…the lens actually works out as not that bad. About a 1/4 the size of a 35mm frame, 110 is never going to be the sharpest. Even with quality multi element glass P&S 110 cameras, there’s a degree of softness and graininess. But the micro is not that far behind despite a basic plastic lens. Actually that lens is better than some 110 cameras out there (Lomography Diana Baby 110 I’m looking at you). Your killer camera this ain’t but it will bring a smile to your and others faces.

Haking also designed this titchy camera well. The fold up viewfinder doubles as a shutter guard and film compartment cover doubles as store-able instructions.

Bear in mind 110 film is not cheap to process and it is worth identifying a good lab to do it (can be shocking in the wrong hands).  But if you do the Micro 110 is a joy.

Who watchs the watchmen
Shot taken on Halina Micro 110 with Lomography Color Tiger CN200. The orange dots are a fault of the Lomography film not the camera.

50’s Camera Kodakary -Retinette 1a

Like Carlos Argott who recently reviewed this on 35mmc -I am highly impressed with the gorgeous 1A – One beautiful vintage camera that is matched with a good and f/2.8 fast triplet lens.

One of several solid body Retinette cameras made from the late 50’s by Kodak’s German division (replacing early folders models from the 1930’s & 40’s). Other models are metered or rangefinder focus but this is a nice, simple unmetered scale focus viewfinder.

Optically the Retinette isn’t bad. For a 50’s lens sharp centrally with only marginal fall off at the edges. Close but not quite in the same  league of the legendary Voigtländer Vito B (a camera that is arguably the finest German viewfinder ever made – shame it cost a load more).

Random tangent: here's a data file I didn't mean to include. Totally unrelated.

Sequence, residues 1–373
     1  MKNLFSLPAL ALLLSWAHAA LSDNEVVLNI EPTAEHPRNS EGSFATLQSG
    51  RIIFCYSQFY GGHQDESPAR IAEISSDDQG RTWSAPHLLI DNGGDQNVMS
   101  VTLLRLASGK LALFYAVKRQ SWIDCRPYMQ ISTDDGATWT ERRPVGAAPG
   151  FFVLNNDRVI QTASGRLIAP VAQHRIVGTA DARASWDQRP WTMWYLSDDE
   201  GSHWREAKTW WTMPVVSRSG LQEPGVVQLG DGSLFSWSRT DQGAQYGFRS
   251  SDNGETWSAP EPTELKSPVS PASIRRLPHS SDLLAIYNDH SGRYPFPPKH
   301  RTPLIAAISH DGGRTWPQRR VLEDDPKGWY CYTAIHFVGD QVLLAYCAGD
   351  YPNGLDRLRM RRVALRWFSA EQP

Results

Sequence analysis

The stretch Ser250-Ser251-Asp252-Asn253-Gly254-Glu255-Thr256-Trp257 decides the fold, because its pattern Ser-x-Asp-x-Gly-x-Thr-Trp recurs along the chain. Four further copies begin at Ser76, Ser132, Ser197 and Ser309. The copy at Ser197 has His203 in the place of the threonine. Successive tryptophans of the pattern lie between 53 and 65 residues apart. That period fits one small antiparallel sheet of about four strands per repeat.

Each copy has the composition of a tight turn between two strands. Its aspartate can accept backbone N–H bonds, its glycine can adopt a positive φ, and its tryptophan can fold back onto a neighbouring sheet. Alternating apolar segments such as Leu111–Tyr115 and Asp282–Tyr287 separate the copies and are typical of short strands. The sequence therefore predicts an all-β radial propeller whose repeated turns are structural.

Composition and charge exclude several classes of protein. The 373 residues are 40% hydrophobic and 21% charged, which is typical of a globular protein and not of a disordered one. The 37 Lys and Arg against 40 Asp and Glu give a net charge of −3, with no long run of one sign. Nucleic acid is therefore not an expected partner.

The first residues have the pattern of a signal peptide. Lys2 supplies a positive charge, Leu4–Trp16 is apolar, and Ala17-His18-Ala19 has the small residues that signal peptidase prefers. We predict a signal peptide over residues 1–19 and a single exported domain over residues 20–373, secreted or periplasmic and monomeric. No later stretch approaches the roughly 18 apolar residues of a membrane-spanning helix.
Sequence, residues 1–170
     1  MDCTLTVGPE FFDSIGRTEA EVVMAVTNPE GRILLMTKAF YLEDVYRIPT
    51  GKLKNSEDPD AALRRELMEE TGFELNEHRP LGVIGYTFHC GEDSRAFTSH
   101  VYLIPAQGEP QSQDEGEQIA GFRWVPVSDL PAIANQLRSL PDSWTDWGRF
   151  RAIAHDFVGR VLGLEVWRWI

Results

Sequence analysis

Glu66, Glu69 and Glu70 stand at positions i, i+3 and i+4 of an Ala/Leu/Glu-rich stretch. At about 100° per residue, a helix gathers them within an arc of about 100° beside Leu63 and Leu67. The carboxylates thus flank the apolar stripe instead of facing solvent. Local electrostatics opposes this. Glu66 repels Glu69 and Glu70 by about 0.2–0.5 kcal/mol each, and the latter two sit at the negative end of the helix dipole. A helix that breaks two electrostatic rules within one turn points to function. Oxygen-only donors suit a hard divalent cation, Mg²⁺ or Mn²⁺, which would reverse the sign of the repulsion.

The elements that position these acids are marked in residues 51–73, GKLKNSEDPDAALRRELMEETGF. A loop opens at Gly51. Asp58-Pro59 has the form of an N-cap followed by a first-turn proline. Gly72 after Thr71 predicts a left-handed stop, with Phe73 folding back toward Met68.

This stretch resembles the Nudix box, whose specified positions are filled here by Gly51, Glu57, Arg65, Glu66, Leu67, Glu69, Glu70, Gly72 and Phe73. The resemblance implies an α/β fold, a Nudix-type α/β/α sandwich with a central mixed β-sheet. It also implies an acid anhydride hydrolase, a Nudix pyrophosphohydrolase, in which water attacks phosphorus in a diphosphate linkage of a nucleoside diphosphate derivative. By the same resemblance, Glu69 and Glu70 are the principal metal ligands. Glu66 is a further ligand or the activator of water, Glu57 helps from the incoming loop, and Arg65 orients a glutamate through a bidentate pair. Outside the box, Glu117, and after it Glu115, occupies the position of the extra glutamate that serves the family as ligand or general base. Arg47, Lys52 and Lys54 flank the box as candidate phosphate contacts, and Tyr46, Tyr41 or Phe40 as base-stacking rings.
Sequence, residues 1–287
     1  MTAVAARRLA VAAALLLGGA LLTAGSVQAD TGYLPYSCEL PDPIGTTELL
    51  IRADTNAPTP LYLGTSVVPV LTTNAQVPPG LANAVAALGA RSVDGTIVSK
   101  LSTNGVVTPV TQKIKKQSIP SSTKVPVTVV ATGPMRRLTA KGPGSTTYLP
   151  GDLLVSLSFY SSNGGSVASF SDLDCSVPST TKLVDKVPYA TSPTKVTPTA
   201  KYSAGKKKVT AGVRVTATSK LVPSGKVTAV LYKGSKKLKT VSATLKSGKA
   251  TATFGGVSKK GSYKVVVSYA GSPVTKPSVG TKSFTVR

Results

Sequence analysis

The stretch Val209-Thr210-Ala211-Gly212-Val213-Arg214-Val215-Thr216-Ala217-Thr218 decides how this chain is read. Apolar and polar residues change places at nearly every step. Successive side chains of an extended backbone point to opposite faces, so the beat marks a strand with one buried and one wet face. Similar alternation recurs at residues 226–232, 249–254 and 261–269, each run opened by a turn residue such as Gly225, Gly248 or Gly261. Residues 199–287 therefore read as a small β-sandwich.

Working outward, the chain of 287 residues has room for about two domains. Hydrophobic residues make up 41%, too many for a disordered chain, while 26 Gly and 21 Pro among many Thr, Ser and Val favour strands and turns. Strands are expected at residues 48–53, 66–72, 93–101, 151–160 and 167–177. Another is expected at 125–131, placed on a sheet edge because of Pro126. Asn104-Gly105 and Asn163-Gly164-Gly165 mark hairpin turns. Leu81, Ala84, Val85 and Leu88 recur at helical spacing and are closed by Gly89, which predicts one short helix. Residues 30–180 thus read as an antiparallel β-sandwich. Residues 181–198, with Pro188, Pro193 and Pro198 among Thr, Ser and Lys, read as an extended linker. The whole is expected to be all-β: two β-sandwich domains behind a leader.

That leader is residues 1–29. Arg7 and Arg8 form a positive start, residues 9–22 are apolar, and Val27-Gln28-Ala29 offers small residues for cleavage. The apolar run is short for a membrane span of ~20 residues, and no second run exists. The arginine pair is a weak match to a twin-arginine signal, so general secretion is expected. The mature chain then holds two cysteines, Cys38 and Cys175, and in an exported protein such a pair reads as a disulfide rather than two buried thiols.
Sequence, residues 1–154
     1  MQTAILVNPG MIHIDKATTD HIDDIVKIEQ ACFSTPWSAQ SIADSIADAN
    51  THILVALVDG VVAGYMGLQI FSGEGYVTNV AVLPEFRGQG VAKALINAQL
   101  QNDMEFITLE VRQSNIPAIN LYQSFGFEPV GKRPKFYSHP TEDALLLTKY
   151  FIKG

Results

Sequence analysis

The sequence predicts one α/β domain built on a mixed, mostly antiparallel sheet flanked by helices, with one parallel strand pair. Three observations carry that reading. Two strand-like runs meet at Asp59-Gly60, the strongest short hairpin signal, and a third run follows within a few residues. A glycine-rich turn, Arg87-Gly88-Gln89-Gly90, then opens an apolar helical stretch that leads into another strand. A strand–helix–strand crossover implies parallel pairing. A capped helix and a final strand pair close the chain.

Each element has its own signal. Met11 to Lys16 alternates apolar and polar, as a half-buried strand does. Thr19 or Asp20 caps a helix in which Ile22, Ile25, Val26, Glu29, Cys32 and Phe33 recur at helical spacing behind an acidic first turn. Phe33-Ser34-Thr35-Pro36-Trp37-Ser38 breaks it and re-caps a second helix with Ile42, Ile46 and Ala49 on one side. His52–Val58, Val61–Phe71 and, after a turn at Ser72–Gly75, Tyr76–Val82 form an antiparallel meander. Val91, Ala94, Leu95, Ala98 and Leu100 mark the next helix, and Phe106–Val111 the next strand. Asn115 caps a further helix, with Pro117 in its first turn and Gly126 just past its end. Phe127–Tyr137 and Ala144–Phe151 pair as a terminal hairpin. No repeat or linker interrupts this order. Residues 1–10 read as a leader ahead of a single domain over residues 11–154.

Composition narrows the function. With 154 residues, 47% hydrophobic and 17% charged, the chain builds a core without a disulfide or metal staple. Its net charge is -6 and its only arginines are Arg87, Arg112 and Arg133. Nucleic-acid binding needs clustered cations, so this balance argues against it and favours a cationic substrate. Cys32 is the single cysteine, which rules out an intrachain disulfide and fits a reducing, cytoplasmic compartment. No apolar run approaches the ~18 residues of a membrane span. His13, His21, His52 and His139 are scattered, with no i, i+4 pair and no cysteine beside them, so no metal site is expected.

The Retinette is nicely finished and oozes 50’s Germany Build quality. Often pro-sellers look for £10-30 mark but easily picked up for under a tenner

Writing on the wall
Carlisle, February 2017. Kodak Retinette 1a (type 042) with Fujifilm Neopan 400CN.

Zoom with a View – Pentax Espio AF Zoom

Pentax Espio 120SW & AF Zoom Cameras
Pentax Espio AF Zoom (bottom) with it’s 2002 sibling the 120SW

Want one of those Elite classic AF compacts like the Konica Hexar but can’t afford the 3 figure price tag?

Step this way.
Back in the day, AF Zoom compacts were king of the P&S market not their now lauded fixed focal length siblings. Selling more (both in cost and number), these dominated the P&S market.

There are several great AF Zoom P&S out there.  I could have picked out several – from the best  mju Zooms to the new kids on the block like Samsung and Panasonic (see Hamish’s review of the Samsung ECX1 for example). But the 1982 1992 Espio AF Zoom model IMHO is a stonker.

Granted it has a limited x2 zoom and lacks the metal body of  later models like the 120SW (pictured). But it is still a nice looking slab of black plastic not much bigger than newer models. And it cuts mustard optically too especially at the short end of the Zoom. It is an old school single point AF but that’s all you need on a P&S.  As  expected, it does better on near and median distance shots. Long shots, the Achilles’s heel of a AF P&S,  aren’t too shabby either due to the dedicated landscape mode. I’m not going to kid you, this is no T3 beater optically. But it really isn’t that bad and mines cost me less than a can of Irn-Bru. It also comes with a host of modes and settings including a genuinely useful back light exposure compensation.

Study in Light I
Scottish National Portrait Gallery, Edinburgh, 2015. Pentax Espio AF Zoom with Kodak BW400CN.

5 to consider but even if you don’t find joy, there’s 5 very different cameras to come. Including a camera that is over a century old and one of the best selling non disposable 35mm ever made.

In the meanwhile, don’t forget to have a look through my website – Canny Cameras

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16 thoughts on “10 Pocket money Classic Cameras – Part 1 – Guest post by Alan Duncan”